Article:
“I follow the lightning, And draw near to the place that it strikes.”
Now I know that a lot of our clients want to talk about what consensus versus contrarian thinking is, in this no-volume marketplace, but I’m thinking they’d have a tough time advising their kids to go hard core contrarian like the early 19th century Navajos did.
Admittedly, I am developing a Darwinian confirmation bias in my reading list this summer as I delve into more Native American history with a book I started reading this week titled Blood and Thunder – “The epic story of Kit Carson and the Conquest of the American West.”
Whether it was the ability of the Navajo and Comanche tribes to adapt and survive the late 18th and early 19th centuries, or it’s what you are staring at on your screen this performance chasing morning, our goals remain common in human nature; evolve or die.
Back to the Global Macro Grind…
Buy stocks or bonds?
Rarely can I time that question as critically as I’ll timestamp it this morning. Yes, these are the thralls of August. But Mr Macro Market couldn’t care less about our summer vacations. Timing matters right here and now, big time.
Timing was especially important in answering this same basic asset allocation question in the middle of March 2012 (see Darius Dale’s Chart of the Day):
- Stocks wouldn’t go down
- Bonds wouldn’t go up
- Volatility went away
In fact, by the time the VIX hit 14.26 on March 26th (the Russell2000 topped for 2012 on the same day at 846, +5.2% higher than where it is today), there was a massive consensus (both buy and sell side) that “growth was back” and “earnings are great.”
Fast forward to June… and US stocks were gasping for air in the middle of a double-digit drawdown (Russell2000 and SP500 down -13% and -10% from their late March highs) as US Treasuries put on a massive move to the upside (10yr yield dropped -42%, from 2.4% to 1.4%).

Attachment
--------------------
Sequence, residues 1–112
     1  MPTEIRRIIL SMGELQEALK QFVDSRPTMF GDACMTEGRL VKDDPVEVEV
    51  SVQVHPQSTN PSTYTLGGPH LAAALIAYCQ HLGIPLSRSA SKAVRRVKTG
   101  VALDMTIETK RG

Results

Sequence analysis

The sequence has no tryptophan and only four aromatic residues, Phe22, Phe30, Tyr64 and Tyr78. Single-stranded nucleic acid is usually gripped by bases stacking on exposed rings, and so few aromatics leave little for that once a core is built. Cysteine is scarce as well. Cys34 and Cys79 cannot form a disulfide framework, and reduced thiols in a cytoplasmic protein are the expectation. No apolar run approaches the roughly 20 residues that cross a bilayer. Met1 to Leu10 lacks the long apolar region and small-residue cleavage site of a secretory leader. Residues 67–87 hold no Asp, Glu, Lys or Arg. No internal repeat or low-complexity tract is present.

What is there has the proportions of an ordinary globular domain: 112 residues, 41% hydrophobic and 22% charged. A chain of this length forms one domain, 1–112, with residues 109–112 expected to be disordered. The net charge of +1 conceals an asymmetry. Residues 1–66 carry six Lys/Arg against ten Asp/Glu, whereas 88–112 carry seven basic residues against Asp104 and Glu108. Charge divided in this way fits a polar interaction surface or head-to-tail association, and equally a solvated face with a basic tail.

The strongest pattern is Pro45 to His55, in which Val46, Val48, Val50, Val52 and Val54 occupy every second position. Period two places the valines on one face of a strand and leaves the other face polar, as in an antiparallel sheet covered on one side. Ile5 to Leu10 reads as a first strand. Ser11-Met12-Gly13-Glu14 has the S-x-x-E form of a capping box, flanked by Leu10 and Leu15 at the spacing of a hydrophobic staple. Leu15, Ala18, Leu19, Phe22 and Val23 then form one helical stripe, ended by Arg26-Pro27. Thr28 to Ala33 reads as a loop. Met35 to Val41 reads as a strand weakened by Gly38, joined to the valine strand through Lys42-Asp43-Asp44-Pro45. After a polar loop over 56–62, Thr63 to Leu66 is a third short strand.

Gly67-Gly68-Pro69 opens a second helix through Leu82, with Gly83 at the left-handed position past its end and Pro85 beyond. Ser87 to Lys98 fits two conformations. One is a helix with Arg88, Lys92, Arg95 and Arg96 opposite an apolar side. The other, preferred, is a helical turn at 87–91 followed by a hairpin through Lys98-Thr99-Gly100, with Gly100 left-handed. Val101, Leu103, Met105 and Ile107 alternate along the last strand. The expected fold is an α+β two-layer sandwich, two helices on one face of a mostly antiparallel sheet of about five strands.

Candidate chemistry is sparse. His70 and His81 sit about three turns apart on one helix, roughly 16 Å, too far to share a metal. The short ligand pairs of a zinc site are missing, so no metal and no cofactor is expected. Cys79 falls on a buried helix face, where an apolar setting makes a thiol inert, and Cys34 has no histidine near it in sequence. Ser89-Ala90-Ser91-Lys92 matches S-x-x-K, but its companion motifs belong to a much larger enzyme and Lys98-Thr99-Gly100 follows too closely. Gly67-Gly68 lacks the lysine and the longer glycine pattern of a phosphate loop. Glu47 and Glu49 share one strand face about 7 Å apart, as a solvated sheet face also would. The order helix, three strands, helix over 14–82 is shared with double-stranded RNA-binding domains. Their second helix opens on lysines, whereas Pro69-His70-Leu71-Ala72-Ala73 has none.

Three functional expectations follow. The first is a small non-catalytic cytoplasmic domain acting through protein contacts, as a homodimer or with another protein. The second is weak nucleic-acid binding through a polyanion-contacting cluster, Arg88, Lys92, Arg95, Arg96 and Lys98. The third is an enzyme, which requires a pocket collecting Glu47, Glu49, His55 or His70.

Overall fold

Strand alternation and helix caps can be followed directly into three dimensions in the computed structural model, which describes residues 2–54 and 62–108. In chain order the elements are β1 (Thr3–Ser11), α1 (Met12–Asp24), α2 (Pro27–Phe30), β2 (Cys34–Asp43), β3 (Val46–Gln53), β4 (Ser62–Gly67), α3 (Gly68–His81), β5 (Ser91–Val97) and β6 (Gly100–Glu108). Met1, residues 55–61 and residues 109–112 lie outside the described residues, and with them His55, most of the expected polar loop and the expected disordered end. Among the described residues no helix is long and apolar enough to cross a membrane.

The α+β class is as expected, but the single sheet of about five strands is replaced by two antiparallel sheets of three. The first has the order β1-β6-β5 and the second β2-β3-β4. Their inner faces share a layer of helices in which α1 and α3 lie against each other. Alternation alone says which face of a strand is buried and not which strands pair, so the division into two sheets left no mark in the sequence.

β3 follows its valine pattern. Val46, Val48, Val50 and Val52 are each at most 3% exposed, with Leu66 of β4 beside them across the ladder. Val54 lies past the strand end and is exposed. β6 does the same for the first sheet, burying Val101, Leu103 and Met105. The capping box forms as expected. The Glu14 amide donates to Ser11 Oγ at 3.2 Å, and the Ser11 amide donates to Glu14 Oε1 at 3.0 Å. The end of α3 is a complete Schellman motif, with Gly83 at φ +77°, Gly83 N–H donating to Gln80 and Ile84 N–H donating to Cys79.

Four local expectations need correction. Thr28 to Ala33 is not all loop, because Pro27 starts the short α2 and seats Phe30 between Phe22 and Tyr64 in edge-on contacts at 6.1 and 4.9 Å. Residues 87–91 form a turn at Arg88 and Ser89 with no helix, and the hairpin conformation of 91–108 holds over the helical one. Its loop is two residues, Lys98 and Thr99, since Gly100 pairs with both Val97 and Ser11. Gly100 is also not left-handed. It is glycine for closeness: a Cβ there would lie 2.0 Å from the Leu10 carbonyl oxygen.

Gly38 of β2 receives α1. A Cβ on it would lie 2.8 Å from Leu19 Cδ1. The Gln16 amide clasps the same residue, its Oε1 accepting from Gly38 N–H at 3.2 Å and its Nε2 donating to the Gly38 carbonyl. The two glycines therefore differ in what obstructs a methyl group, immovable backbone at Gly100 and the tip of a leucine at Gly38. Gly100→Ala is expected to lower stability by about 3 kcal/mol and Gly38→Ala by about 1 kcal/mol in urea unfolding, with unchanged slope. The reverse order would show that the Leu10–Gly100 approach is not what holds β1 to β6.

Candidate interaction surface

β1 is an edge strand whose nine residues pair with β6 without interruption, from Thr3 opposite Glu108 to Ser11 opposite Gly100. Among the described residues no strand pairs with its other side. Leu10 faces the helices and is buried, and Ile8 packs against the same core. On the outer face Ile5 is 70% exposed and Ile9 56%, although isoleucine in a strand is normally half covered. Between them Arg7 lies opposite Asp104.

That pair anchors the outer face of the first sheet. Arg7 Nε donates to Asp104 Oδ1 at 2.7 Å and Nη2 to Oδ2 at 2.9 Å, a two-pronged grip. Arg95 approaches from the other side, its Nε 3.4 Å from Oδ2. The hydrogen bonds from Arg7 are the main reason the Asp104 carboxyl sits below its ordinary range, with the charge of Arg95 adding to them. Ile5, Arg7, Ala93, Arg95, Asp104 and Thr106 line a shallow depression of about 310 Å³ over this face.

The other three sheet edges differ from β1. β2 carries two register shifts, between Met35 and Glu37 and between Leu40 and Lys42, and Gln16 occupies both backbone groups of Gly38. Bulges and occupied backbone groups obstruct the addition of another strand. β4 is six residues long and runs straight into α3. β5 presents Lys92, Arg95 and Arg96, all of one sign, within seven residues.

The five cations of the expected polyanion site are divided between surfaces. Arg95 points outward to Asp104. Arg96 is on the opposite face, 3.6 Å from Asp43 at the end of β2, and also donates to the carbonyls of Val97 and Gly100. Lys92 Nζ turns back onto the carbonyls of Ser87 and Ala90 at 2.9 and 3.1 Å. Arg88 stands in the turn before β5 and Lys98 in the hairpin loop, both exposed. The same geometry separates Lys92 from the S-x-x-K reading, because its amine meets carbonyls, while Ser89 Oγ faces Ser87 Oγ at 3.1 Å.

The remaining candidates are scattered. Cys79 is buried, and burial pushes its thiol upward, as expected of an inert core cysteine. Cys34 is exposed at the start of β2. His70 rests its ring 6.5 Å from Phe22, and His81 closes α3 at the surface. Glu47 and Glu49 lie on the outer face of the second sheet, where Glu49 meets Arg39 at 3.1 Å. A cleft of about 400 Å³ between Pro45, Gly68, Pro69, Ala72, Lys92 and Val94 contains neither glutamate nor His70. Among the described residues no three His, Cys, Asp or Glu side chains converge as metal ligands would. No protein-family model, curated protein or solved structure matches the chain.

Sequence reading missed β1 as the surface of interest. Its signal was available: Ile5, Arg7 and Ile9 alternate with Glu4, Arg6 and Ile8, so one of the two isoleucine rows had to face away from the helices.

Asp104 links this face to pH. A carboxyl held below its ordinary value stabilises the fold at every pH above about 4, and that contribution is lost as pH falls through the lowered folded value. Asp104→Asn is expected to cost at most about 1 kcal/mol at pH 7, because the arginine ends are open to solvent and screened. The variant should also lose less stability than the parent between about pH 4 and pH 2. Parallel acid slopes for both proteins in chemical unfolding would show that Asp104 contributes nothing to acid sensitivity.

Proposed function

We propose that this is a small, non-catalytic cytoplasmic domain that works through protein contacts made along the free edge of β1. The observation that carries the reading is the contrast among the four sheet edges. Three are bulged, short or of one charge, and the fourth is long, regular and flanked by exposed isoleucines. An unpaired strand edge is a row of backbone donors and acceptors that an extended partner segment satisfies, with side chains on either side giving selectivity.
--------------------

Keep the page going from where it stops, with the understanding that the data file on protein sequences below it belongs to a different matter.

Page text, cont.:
What drove the correct answer to the stocks vs bonds question?
Global #GrowthSlowing. Period.
What will get you to the correct answer for the next 1-3 months, from here?
Follow The Lightning.
The most abysmal volume and volatility readings I have ever recorded in my US Equity model aside, there are 2 basic realities that both bulls and bears have to deal with this morning:
- US stocks are making both intermediate and long-term lower-highs
- US bonds are making both intermediate and long-term higher-lows
In other words, if you believe Growth is going to improve from here, you buy stocks. If you’re more confident (like we and the data are) on #GrowthSlowing, you buy bonds.
Our predictive tracking algorithm (the one that called for #GrowthSlowing when few did in March), which is a multi-factor, multi-duration model, is telling us that this is a fairly straightforward call to make because:
A) Oil prices are up +32% (Brent) from the June low (that slows growth)
B) Corporate Revenue growth’s slope is as weak as it has been, globally, since Q308
C) Chinese Growth continues to surprise on the downside
Chinese what? Yes, while I suppose you could say that China’s Foreign Direct Investment (FDI) print this morning of -9% year-over-year was better than India’s Export growth tanking to -15% year-over-year earlier this week, we highly suggest you take China’s word for it:
“In the second half, China’s foreign trade and export situation will be more grim, there will be more difficulties, harder tasks, and the pressure of achieving the full-year target will be bigger…” –China Ministry of Commerce (this morning)
Now, before you zap me with the bull counterpoint (for stocks) to this (rate cuts, stimuli, bailouts, etc.), just remember that doing more of the same will only keep food/energy prices higher (and growth slower) for longer. That’s bullish for bonds, longer term. And our long-term TAIL risk line for growth (bond yields) remains intact at 1.94% on the US Treasury 10yr.
My immediate-term support and resistance ranges for Gold, Oil (Brent), US Dollar, EUR/USD, 10yr UST Yield, and the SP500 are now $1, $111.69-116.21, $82.34-82.97, $1.22-1.24, 1.56-1.82%, and 1, respectively.
Best of luck out there today,
Keith R. McCullough
Chief Executive Officer